Level the Field
Two-time Ironman champion Sara Gross.
Arguments for equality between the sexes typically revolve around the idea that men and women are of equal ability, equal intelligence and should have equal opportunity to vote and to be educated. This can be inadequate when it comes to sport because of the obvious physiological differences that generally mean the best men are faster and stronger than the best women.
So if the best men will beat the best women in most sporting arenas, why should women have equal access and opportunity in sports? Why should they fight for equal pay, opportunity and media recognition? If we will always be slower and weaker, why bother? Let me tell you why.
I have been a leader in a movement called TriEqual, a group dedicated to issues of fairness in sport. One of our fights involves the World Triathlon corporation opening an equal number of spots for men and women at the Ironman World Championships in Hawaii. At the world’s most prestigious triathlon, professional men have 50 spots on the startline, while women get 35. There should be equal opportunity, equal spots, for both sexes.
From baseball to soccer to marathon running, sports have roots in a male-dominant society. Most sports value speed, strength and agility — all admirable qualities, but slightly biased toward male attributes. If sport had been born in a more gender-equal environment, the very concept of sport would have evolved differently and most likely would have included more elements of flexibility, balance and timing, like in modern ballet, balance beam and synchronized swimming.
Sport offers the opportunity to be active and healthy, to form communities and develop self-esteem. Professional sport is entertaining, inspiring and athletes can be role models for children and young adults. If these are our reasons for watching and playing sports, why should women’s sport be treated any differently to men’s?
I think it’s fair to say women’s sport is as exciting and interesting as men’s sport. For example, in tennis the women’s game has longer rallies and many prefer it over the men’s game.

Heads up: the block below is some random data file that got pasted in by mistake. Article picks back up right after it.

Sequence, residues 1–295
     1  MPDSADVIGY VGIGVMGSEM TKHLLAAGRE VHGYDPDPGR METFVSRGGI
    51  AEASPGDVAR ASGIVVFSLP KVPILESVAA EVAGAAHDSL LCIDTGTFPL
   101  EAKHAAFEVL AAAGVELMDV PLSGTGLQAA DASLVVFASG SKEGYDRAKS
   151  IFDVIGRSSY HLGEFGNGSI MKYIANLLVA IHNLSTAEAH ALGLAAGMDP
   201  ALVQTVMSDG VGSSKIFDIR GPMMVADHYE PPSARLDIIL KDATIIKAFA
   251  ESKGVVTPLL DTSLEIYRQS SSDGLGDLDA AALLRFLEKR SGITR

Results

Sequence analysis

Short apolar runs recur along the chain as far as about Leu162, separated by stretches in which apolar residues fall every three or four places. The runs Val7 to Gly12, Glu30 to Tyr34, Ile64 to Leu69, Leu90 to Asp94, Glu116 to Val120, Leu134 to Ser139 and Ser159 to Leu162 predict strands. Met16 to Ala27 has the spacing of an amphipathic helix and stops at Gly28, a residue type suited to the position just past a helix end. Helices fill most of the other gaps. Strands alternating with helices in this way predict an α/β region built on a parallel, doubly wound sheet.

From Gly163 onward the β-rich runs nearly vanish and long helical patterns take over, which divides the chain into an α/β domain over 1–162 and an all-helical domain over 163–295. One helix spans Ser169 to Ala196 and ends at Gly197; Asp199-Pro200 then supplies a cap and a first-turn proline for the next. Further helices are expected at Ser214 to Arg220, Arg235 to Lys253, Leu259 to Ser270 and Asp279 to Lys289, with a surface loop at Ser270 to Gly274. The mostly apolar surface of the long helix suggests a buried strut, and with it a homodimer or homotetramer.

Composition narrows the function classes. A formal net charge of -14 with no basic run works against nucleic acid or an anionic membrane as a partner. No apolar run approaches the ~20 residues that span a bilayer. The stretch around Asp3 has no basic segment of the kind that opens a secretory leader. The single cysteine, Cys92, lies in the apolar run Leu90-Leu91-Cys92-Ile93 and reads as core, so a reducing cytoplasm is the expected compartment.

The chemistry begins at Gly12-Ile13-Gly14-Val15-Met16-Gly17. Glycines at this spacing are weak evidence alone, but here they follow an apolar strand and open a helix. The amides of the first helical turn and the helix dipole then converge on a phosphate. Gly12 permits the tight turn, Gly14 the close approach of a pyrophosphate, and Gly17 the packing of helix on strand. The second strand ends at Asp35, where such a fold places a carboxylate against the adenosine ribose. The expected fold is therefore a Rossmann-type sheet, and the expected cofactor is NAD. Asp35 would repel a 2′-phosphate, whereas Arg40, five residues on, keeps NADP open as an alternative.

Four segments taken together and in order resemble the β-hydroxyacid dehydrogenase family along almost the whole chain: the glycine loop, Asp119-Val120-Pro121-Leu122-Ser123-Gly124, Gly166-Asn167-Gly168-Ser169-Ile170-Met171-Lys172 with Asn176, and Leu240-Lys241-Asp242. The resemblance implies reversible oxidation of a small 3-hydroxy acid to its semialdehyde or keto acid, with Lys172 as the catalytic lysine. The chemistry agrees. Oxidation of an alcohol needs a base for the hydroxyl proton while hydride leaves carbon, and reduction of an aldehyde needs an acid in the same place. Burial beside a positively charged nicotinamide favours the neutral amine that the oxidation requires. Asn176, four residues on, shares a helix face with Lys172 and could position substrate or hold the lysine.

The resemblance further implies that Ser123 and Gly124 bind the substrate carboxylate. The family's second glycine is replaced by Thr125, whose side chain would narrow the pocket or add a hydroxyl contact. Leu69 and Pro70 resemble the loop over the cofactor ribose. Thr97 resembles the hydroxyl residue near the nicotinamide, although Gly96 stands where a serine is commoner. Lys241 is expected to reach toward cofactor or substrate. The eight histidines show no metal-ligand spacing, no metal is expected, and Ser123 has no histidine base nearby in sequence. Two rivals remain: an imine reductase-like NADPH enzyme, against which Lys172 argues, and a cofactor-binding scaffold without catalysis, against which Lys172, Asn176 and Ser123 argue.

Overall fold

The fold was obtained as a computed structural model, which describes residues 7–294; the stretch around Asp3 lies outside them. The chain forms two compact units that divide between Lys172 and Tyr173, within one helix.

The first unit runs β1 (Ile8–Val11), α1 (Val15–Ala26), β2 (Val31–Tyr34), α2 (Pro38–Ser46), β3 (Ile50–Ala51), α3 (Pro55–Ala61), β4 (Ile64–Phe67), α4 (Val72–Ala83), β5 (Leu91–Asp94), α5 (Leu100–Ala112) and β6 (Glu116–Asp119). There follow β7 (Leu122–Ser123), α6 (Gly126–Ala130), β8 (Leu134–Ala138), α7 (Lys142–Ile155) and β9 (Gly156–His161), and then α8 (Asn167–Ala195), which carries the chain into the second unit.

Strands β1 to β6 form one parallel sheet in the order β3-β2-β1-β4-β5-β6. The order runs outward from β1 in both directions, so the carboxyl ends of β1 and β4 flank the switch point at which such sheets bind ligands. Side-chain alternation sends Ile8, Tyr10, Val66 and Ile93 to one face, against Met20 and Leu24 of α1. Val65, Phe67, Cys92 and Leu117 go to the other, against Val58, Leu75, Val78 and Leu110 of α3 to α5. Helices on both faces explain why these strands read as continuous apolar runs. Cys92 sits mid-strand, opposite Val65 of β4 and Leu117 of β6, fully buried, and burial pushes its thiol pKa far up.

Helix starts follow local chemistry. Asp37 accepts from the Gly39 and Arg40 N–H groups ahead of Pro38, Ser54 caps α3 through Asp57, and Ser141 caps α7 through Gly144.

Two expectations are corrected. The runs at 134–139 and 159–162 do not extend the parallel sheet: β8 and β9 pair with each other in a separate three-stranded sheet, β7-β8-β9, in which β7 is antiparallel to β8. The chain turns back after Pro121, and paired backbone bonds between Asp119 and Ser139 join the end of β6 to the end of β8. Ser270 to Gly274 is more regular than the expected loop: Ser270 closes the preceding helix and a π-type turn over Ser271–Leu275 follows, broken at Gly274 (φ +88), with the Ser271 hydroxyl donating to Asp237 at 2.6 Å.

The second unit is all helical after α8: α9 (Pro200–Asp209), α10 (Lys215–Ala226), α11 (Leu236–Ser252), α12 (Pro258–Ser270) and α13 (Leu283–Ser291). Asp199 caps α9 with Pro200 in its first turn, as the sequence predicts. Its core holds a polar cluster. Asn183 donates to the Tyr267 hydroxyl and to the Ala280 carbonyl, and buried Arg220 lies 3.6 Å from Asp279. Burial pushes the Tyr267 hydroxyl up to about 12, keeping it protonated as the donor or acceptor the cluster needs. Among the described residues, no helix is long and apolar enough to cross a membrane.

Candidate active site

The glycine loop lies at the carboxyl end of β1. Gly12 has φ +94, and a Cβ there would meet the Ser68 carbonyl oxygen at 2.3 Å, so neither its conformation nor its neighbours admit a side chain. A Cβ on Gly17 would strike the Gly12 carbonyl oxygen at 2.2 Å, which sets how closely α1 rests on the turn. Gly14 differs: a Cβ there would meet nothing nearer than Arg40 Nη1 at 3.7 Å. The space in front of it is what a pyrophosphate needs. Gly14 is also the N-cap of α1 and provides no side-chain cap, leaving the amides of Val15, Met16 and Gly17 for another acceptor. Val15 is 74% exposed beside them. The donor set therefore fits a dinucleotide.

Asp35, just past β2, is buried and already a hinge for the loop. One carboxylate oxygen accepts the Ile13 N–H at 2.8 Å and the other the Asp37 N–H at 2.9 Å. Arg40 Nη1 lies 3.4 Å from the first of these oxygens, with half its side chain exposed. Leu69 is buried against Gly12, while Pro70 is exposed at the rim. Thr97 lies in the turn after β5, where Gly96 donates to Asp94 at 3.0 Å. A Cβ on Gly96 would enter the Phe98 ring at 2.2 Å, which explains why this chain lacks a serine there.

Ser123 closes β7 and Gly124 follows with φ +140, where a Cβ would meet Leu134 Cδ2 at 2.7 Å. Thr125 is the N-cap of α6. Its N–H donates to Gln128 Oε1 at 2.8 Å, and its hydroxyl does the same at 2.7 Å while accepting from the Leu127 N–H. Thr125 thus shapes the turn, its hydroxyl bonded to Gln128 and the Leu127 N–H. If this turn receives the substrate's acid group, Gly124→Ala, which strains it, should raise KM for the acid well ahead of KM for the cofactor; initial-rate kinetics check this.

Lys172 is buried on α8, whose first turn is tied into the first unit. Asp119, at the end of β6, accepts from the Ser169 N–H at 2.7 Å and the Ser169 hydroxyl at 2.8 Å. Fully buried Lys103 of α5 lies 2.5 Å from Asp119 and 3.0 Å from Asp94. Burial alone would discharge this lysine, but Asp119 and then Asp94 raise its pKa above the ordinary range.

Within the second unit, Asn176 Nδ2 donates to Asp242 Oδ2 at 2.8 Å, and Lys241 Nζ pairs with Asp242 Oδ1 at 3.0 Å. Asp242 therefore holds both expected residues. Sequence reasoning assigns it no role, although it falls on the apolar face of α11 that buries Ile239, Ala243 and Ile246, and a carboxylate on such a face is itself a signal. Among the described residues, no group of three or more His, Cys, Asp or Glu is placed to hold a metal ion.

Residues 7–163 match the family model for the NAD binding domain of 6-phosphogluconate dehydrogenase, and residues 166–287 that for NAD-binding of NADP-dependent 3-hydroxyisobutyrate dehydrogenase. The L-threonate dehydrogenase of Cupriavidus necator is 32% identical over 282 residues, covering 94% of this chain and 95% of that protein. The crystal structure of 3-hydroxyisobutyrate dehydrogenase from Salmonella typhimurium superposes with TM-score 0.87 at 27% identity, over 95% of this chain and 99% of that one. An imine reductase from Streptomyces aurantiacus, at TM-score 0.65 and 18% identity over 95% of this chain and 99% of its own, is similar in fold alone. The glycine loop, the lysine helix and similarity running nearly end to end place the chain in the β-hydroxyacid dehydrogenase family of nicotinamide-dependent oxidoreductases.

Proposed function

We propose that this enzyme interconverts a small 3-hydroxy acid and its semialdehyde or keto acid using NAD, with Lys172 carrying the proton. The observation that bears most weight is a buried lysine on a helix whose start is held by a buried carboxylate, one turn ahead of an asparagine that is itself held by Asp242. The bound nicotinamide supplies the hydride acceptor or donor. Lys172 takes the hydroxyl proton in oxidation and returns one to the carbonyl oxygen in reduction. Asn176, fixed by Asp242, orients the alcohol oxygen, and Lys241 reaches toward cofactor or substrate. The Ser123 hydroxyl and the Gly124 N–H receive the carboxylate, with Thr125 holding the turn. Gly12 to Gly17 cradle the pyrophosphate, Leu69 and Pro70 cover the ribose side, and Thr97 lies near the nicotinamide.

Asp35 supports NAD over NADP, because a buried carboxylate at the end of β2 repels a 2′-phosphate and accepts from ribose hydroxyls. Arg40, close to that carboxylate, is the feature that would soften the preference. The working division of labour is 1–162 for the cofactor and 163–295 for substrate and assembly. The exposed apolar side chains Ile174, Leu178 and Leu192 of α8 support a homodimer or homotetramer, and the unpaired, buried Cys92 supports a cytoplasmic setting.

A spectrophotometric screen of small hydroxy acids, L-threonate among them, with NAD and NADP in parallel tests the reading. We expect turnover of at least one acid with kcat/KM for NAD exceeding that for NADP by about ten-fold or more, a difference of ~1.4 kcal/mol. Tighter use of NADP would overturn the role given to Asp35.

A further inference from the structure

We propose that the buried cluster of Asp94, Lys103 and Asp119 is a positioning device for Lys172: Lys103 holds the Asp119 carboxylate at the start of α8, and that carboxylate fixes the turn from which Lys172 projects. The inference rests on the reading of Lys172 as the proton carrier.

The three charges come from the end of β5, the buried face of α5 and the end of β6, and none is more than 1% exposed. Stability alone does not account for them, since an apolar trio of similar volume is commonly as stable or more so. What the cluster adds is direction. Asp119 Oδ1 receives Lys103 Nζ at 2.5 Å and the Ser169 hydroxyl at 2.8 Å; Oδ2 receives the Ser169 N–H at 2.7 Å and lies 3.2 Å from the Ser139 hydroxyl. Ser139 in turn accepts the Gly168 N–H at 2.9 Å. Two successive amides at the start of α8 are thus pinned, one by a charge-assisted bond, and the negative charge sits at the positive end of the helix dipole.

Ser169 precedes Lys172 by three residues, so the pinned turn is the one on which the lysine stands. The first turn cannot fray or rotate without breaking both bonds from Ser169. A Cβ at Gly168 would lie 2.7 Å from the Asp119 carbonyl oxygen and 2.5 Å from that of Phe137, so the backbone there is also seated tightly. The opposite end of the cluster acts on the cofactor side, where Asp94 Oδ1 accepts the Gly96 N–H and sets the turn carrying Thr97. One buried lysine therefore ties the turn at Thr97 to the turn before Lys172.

In Ironman triathlon, the professional women have a wider spread after the swim and during the bike. There are not as many groups that form and, if they do, they are not as large, making Ironman more of an individual race for the women.
If we compare men and women directly to each other without seeing the bigger picture, we would find women wanting in many sports. But gender equality demands respect for the differences between male and female athletes. If we take the time to be educated and understand the nuances of the women’s race in any sport, we would all be fans.
Consider this: it is unclear whether the differences we see between the sexes in sporting arenas are due to permanent physiological characteristics or to cultural and social norms and accepted inequalities. Let’s suspend judgment for a moment and consider the possibility that given enough time, women might one day compete head-to-head with the men. In fact, it’s happening in many sports already.
In 1972, Lynne Cox swam the English Channel in record time. Danica Patrick, the only female driver in the race, won the Japan Indy 300 in 2008. In many equestrian sports, women and men compete head to head. In the 2012 Olympic Games, Anky Van Grunsven of the Netherlands won the gold medal in dressage. Women also took the silver and bronze in individual eventing in the same year.
Pam Reed won the Badwater Ultradistance race overall in 2002 and 2003. Hillary Biscay took the bronze at the Ultraman World Championships in 2013 and Amber Monforte did the same in 2012. Ironman World Champion Mirinda Carfrae had the 3rd fastest run split at the World Ironman Championships in 2013. And there are several other sports where women have won international competitions overall including, sailing, bowling, wrestling and rock climbing.
If we want to talk about gender equality in sport, we need first to consider the very definition of sport and what value we place on various physical attributes. We need to educate ourselves and our children about the nuances of the men’s and women’s game and we need to keep an open mind to the idea that women will continue to go further, jump higher and be stronger than we currently conceive.
Two-time Ironman Champion Sara Gross holds a PhD in Women’s History, is a coach and co-owner of Mercury Rising Triathlon and mother of one. She lives in Victoria, B.C.